Volume 4 Issue 2, June 2020
Special Issue for Indian Poetry

P. Raja

A Ray of Hope


Steps seventy-two

I climb everyday

As an early morning exercise

To reach my garden

That adorns my terrace.


I nurture only those plants

That could smile at me,

Wish me ‘good day’

And make me grin

From ear to ear.


I, for one, love to keep

My plants smiling

As long as they could.


My terrace during such hours

Turn restaurant

For the honey suckers.


These winged little ones

Pay me in kind

By buzzing music into my ears.


Wow! What a sight they make

When they smack their lips

Before they say bye-bye

To their loved ones

Once and for all.


By dusk I climb again

Those transporting steps

To call it an evening exercise.


Alas! No plant smiles at me.

No plant wishes me good eve.

I could sense the reason.


They bereave over their lost ones,

Carried away by the same wind

That wafted their fragrance –

An invitation to the little wings.

No wonder the plants lost their charm.


As I climb down the steps

Sharing the sorrow of my plants,

Something in me brightens up

My sorrow-laden face,

Perhaps reminding me

Of the early morning on its way.










The young man

With pitch dark hair on his head

Looked at

My pepper and salt head,

Gave a mocking smile

Before he said:

“Oh! You are growing old.

Half of your hair is grey”.

I grinned.


The old man

With silvery grey hair

Looked at my head,

Gave a toothless smile

Before he said:

“Oh! You are still young.

Half of your hair is black.”

I smiled.


The bald man

With no trace of hair

On his shiny smooth pate

Looked at my head,

Heaved a deep sigh

Before he said:

“Black hair or grey hair.

One must have some hair

On his head.”

 I beamed.







My Two Pens


Something needs to be said

About the two pens I use.

One was gifted by my father,

A present to him from his boss.

The Other I bought

With my first salary

To be a memento.

They never see

The outside world, for

I carry a very cheap pen

In my shirt pocket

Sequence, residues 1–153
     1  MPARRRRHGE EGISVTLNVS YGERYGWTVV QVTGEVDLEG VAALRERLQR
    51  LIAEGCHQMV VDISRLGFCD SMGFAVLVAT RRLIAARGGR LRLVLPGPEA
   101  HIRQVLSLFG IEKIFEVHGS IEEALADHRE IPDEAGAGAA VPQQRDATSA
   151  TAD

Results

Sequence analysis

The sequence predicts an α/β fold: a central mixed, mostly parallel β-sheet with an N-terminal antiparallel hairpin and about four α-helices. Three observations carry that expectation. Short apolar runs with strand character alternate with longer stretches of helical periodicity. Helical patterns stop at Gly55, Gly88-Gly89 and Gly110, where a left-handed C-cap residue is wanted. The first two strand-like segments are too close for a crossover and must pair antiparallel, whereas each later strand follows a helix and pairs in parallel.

That I magnanimously lend

To the really needy in banks and post offices.

Sometimes I forget all about the pen

And return home only to find that

I forgot to collect it back.

I am sure it remains a souvenir

In some house not rich enough

To return mine.

I find delight in writing with my pens

I treasure most.

They are safe in my study

On my writing desk.


Today for the first time

In the forty years of my writing career

I register my complaints.


One is scratchy and

Another makes blots.


Are they tired?

No…can’t be. They love me

As I love them.


Then are they complaining?

I think so. I know

They have nobody’s shoulder to cry on.


Furious at my little grandson Ajay

They say, “Oh! That little brat

Who made your study his playground

Used us on the tiled floor,

Mistaking it for immaculate white paper.”









Fearlessly Flying


The day I was born

A flight took off.


I do not know

At what speed

It is flying.

I only know

It is fast, very fast.


I do not know

Above what sea

Or land

Or mountain

Or forest

I am flying.

I only know

I am flying.


I do not know

Where I will land

Or when

Or how.

I only know

My flight wheels

Will have to hit

The ground one day.


I do not know

The name of the pilot,

Nor have I seen

The cockpit in my lifetime.

I only know

My life is entrusted with

The one in the cockpit.


I fly with

Several other passengers

Who too have doubt

Like the ones I have.


I do not know

How to clear their doubts,

For I am not sure of myself.


All that I could see is

Vacuum and vacuum.

At times wagons of clouds